March 11, 2013 – Healthcare industry collaborations with physicians and researchers have “been at the heart of most of the advances in U.S. healthcare over the past several decades” and drive “medical innovation, meaningful health outcome improvements, and economic growth for our nation,” according to a consortium of stakeholders working together as the National Dialogue for Healthcare Innovation (NDHI).
As such, in the wake of the Physician Payments Sunshine Act final rule, the NDHI, an initiative of the Healthcare Leadership Council, issued a joint statement at a Capitol Hill briefing today that highlighted four basic principles to guide these essential collaborations “and maintain the confidence and trust of all participants in our healthcare system, including patients, providers, payers, industry, researchers, academia, and government.”
“In the midst of all the concerns about conflict of interest, the Coalition for Healthcare Communication is proud to support this effort to highlight the value of industry partnerships,” said Coalition Executive Director John Kamp. “Policymakers, the press and the public need to better understand that collaboration is the key to innovation and better health for our nation’s citizens.”
Indeed, Mary R. Grealy, president of the Healthcare Leadership Council, said that “we never want to discourage these collaborations from taking place, because they are the catalysts for the new medical breakthroughs that protect and strengthen population health. But we need to move forward in a principled, patient-centric way, and these principles underscore the broad commitment to doing good work the right way.”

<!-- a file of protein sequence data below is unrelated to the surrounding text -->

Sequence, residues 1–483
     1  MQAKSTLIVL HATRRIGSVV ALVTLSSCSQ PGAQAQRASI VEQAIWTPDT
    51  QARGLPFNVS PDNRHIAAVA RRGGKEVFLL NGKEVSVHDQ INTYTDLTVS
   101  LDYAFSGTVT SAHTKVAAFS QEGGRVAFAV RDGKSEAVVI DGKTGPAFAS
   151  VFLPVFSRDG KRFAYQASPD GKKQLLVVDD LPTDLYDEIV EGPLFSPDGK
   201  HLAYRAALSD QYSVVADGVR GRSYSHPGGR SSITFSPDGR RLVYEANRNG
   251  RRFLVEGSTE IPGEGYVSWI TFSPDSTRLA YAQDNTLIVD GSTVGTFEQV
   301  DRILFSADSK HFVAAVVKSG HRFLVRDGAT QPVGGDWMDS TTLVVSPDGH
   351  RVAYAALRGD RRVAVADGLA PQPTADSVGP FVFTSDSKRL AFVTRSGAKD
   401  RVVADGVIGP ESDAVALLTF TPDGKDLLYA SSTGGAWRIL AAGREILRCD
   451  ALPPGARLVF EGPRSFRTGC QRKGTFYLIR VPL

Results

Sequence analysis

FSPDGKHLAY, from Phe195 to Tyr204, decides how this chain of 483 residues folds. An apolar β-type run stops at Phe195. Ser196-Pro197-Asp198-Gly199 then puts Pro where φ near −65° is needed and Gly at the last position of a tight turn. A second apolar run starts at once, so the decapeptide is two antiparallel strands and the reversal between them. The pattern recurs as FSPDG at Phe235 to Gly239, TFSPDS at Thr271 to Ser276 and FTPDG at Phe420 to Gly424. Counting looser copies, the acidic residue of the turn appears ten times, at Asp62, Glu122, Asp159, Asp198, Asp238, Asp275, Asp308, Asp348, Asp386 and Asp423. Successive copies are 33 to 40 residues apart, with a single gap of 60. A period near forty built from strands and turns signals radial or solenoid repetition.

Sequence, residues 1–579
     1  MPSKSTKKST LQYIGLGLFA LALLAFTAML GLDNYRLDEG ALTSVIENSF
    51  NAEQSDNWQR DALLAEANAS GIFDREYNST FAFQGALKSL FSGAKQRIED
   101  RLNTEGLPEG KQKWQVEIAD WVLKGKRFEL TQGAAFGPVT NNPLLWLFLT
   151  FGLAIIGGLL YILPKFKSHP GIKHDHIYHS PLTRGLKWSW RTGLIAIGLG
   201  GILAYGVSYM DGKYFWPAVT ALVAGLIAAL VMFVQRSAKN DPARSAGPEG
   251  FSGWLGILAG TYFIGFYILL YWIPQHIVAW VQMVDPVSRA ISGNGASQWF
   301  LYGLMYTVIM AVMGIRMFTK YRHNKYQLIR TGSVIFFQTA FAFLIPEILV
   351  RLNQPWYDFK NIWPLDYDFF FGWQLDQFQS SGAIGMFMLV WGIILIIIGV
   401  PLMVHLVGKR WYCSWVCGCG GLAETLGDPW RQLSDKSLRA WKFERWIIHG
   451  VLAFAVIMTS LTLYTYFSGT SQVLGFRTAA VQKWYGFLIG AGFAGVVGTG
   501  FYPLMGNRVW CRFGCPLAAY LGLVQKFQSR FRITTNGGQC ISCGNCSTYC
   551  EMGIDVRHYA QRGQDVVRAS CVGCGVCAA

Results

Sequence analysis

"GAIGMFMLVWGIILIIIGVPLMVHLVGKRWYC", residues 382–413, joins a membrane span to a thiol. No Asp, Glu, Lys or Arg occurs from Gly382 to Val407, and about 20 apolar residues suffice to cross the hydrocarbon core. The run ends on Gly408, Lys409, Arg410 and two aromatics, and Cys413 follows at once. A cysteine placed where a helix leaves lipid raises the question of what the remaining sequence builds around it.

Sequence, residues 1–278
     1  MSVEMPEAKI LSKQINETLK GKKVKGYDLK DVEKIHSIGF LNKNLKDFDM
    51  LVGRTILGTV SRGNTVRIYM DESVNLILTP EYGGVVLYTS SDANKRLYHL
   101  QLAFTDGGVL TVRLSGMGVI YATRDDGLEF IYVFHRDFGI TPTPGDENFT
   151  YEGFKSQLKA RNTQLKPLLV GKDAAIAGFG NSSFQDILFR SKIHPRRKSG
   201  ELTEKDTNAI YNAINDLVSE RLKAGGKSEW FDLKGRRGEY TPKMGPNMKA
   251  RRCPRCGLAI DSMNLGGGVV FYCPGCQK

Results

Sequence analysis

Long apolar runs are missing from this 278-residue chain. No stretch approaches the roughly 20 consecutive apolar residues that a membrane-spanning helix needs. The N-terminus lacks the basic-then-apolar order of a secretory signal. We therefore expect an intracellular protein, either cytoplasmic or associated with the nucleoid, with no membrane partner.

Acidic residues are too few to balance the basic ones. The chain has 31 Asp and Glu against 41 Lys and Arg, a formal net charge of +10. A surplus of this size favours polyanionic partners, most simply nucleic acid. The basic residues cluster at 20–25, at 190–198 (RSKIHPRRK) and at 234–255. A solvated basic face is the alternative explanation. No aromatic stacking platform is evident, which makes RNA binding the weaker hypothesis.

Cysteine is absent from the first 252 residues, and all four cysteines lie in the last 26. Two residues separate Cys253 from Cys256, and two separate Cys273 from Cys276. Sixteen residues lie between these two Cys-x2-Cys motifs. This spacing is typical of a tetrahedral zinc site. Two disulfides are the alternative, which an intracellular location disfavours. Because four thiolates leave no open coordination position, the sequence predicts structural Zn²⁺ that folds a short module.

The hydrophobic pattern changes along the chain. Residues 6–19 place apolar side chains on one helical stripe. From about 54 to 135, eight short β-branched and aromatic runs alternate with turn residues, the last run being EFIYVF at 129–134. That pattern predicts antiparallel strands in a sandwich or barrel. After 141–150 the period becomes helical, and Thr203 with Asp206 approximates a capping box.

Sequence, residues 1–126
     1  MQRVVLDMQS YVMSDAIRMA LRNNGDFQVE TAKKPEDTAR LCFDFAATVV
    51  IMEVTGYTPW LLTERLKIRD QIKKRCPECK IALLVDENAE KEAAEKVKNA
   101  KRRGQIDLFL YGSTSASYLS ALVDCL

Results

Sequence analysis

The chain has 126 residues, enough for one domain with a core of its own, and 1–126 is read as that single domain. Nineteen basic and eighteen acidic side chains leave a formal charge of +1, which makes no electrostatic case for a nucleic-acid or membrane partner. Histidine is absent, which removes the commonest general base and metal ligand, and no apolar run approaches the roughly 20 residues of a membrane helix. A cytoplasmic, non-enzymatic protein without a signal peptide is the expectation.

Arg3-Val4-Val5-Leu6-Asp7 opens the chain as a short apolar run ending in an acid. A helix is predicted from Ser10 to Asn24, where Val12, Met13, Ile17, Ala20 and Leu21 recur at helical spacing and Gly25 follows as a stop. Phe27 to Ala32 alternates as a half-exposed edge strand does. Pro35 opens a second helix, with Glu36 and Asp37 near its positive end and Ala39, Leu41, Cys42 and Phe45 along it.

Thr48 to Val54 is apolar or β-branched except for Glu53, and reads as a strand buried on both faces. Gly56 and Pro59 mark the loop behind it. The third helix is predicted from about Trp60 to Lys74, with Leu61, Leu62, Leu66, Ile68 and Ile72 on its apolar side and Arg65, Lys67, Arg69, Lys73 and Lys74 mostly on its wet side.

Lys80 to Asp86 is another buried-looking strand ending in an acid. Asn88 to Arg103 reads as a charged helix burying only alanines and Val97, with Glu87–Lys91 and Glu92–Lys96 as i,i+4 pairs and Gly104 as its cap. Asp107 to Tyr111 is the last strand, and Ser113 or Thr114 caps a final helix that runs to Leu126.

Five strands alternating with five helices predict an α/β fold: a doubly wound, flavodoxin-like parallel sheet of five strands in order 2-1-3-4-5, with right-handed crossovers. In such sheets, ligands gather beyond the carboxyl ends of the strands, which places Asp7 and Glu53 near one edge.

The NDHI principles are:
- Emphasize physician and researcher autonomy. Healthcare professionals and scientists must be free to assess independently multiple sources of information and treat each patient in a manner consistent with the patient’s needs and best medical practice. This is vital to preserve the public’s trust in the innovation process and in our healthcare system.
- Practice transparency. Patients and all those involved in healthcare should have reasonable access to relevant and meaningful information about how academic institutions, researchers, healthcare professionals, and medical products companies engage in collaborative relationships. Transparency builds trust between patients and the healthcare professionals who serve them.
- Be accountable. All participants across healthcare must be responsible for their actions. External regulation is important here, but internal self-regulation with recurrent training and communication is essential to this effort.
- Ensure the benefit to patients. Collaborations at any level, from the researchlab to the doctor’s office, must aim to benefit patients and put patients’ interests first.
Organizations agreeing to the joint statement – which include AdvaMed, the American Osteopathic Association, the American College of Cardiology, the Association of American Medical Colleges, the Cleveland Clinic, the Council of Medical Specialty Societies, Friends of Cancer Research, the Lahey Clinic, Lilly, Medtronic, PhRMA, and the Society for Women’s Health Research – share a common goal: Promoting the “American innovative spirit so that new advances in medicine and medical technology can continue to make the journey from concept to the practice of medicine for the benefit of patients.”
Grealy added that “most of the lifesaving and life-changing medical innovations of the last several decades have come as a result of innovative biopharmaceutical and technology companies working with knowledgeable physicians and scientists.”